The Journal of the American Medical Association recently disclosed that Harvard scientists in the 1950s accepted a huge payoff from the sugar industry to create and communicate false “science” about the health effects of sugar. And we will never stop believing it.
Hey, Sugar, pay no attention to the man behind the curtain.
Today, the Journal of the American Medical Association dropped an alleged bombshell when it disclosed that the sugar industry lobby influenced research on coronary heart disease by effectively bribing Harvard researchers to promote the theory that dietary fat, and not sugar, causes heart disease.
The story is trending on Facebook at this very moment, and the JAMA Facebook post states that “Policymaking committees should consider giving less weight to food industry-funded studies, and include mechanistic and animal studies as well as studies appraising the effect of added sugars on multiple CHD biomarkers and disease development.”
All of this is well and good (actually, no, not really), but I’ve got to ask you–are you really surprised?
And now I’ve got to ask, no, are you really surprised, or just playing along with our news cycle and water-cooler conversations?
Shouldn’t the public know better by now? Especially those of us who are more than a couple of decades old?
In the 1980s, it was common knowledge–science!–that fat causes fatness. Duh. Eat fat, get fat. Same with dietary cholesterol: eat high-cholesterol food like eggs and your cholesterol will spike. And so everyone went fat free, and processed foods replaced fats with sugars.
In the 1990s, the sheer massiveness of those who stuffed their faces with fatfreeness and became fat in so doing caused the Western hemisphere to outweigh the East, throwing the planet off balance and contributing to global warming. No, not really. That did not happen. But if I had ended that sentence with “according to a new study,” it seems a lot of people would believe it.
Today we know–according to new studies–that, actually, eggs aren’t so bad for your cholesterol at all. Neither is high-cholesterol seafood. This is newer science and so, we collectively agree, it is better science. Whatever is newer is factier. Yes, factier–it is a newer, better word.
We go through these dietary fads based on what we assume to be credible science. First it was fat free, and then it was carb free, and then it was macrobiotic, and then it was paleo. Today, everyone I know under the age of 30 seems to subsist exclusively on diets of kale, quinoa, and Muscle Milk. According to a new study (a conversational poll of a generation of people who eat kale, quinoa, and Muscle Milk, but you don’t really want the boring methodology details, do you?), this is the diet that will lead you to rule the world.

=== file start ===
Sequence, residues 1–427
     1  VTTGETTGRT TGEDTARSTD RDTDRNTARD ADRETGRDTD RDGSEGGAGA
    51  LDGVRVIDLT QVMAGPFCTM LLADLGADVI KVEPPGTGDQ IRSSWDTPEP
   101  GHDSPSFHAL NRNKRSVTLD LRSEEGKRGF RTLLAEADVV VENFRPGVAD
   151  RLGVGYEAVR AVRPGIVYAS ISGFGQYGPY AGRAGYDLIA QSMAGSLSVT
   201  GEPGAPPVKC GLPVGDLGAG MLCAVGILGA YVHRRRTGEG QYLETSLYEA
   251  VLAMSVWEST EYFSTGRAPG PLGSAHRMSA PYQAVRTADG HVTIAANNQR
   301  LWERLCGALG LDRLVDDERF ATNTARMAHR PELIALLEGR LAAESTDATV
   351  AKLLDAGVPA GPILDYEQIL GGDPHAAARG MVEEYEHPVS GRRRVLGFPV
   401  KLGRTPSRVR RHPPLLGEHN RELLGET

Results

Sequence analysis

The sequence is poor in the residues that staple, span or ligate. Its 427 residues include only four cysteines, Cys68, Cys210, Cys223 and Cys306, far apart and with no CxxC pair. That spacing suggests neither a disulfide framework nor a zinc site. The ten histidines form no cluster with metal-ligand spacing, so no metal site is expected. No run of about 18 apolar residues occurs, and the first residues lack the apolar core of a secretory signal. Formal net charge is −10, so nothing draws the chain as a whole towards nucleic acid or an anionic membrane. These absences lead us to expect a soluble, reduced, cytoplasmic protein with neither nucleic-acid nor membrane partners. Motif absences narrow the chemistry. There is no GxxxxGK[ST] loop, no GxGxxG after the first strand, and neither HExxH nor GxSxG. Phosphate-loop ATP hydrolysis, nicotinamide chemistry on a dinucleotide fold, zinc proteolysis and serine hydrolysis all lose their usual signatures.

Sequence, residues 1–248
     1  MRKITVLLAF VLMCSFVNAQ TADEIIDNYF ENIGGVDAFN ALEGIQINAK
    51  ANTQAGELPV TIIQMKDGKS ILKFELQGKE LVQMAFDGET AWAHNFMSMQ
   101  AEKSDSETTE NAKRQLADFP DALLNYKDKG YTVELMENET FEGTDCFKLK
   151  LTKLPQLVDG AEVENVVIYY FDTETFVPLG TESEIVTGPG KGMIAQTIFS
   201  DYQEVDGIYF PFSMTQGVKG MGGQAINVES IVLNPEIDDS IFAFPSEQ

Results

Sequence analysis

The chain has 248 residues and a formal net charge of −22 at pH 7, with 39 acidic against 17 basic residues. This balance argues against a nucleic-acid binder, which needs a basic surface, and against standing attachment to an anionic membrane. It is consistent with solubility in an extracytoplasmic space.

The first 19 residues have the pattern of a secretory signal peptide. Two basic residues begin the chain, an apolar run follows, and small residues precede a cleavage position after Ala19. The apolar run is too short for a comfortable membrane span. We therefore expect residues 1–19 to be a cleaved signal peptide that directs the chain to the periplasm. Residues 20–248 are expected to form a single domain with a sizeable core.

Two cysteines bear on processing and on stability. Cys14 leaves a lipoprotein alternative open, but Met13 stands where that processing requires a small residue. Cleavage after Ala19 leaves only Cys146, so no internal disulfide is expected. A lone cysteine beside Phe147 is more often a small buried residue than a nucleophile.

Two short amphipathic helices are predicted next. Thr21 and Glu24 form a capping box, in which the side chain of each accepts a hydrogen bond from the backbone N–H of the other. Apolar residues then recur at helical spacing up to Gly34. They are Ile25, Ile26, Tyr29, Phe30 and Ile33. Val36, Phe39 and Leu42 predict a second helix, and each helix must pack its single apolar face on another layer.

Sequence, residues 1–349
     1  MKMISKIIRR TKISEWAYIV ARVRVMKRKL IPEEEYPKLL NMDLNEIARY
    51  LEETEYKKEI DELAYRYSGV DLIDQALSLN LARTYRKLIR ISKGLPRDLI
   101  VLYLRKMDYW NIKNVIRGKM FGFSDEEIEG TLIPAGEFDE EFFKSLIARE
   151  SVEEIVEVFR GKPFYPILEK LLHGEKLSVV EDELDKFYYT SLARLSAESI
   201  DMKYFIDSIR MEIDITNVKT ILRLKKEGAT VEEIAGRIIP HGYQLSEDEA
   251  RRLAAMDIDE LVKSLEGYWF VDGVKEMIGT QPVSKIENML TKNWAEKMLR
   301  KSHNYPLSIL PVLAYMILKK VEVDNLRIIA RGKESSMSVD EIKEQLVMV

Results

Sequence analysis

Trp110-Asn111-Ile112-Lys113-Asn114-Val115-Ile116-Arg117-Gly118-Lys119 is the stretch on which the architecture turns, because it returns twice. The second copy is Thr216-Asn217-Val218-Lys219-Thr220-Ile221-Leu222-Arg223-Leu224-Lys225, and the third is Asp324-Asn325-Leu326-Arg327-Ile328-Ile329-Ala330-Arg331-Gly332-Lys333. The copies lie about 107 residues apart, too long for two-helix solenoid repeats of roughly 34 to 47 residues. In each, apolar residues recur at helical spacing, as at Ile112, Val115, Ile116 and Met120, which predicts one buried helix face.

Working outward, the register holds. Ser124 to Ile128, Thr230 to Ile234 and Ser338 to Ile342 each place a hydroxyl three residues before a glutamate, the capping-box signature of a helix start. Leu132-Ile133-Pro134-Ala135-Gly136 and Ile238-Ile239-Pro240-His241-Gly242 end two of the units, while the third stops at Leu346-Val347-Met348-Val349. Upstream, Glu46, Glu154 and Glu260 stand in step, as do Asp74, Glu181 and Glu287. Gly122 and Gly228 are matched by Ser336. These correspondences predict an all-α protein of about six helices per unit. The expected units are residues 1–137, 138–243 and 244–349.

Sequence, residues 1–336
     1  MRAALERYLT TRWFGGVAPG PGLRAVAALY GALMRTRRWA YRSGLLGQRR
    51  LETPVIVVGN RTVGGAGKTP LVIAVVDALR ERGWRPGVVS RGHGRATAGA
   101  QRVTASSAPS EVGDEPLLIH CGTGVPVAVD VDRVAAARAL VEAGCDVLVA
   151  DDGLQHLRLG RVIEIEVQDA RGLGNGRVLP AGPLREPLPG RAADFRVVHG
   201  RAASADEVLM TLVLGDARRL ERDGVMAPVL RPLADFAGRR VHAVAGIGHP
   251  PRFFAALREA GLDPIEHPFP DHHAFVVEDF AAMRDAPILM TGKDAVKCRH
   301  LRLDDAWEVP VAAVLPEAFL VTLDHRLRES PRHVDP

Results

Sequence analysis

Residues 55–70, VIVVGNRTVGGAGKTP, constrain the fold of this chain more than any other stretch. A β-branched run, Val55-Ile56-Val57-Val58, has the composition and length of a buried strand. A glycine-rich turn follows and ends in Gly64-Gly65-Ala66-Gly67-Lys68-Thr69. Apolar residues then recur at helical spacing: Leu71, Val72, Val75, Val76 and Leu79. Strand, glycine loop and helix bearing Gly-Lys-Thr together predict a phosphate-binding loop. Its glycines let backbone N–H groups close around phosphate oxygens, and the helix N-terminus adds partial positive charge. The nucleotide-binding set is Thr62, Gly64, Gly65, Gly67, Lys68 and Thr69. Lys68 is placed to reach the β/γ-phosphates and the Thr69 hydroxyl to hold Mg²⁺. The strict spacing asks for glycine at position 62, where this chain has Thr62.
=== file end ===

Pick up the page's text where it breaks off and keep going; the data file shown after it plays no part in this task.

I hate to say this because it’s true, and because saying it will make most people who read this think that I have no credibility: We invest far, far too much faith in scientific and governmental authorities, and we do so based on a strange phenomenon of “the now” always being more credible than “the then.” This doesn’t mean we shouldn’t invest faith in science–real, objective scientific investigation is truth seeking. Unfortunately, Science with a capital S in some instances operates like the Church with a capital C, issuing dogmatic decrees and exerting peer pressure to favor the majority agreed-upon beliefs of scientific organizations over new scientific investigations. This is where things get tricky, especially when we as a public–and when non-investigative health writers–regurgitate information without asking questions about where it comes from and if there is a financial incentive behind it.
Ask anyone who is living on a paleo diet today and they will tell you that people who replaced fats with sugars in the 80s were naive or ignorant, and that they foolishly compromised their health. They’ll tell you that the Atkins diet was a probably not very healthful fad. And then they will tell you you should eat mostly kale and quinoa if you want to be healthy. Maybe goji and acai berries. Are they still a thing?
Here’s my insane and incredible view: anytime we find ourselves excluding any natural component of a diet (barring severe food allergies and other considerations), we’re under the influence of marketers, not anyone who is looking out for our well being or the well being of our children.
Being native to the Washington, D.C. area, living and working in the city, it’s no secret that everything comes down to money, and money funds lobbying in an effort to fund sales; lobbying funds elected officials’ campaigns and influences not only votes, but political appointments at every level, and those appointments often are loyal to the funds that contributed indirectly to their jobs. Likewise, lobbyists help to determine to a certain degree how funds are allocated for public health research; and beyond the lobbyists, companies pay for their own research, which is quite frequently covered by news media who can’t resist an “according to a new study” headline–especially if that headline tells people what they’ve been waiting, sometimes literally, all their lives to hear: FINALLY, an easy way to be thin!
Oh, and healthy, too.
To most news media outlets, it doesn’t matter whether a study is funded by the National Institutes of Health or the National Biscuit Company. (That’s the old-fashioned name of Nabisco, btw.) It just doesn’t matter as along as the study is “sexy”–weight loss is a surefire hit, and so is “wine will save your life,” and so is “chocolate will save your life.” Also perennial arguments: For many, the debate of butter vs. margarine or sugar vs. artificial sweeteners is as heartfelt and heated as pro life vs. pro choice debates. People really love to be right.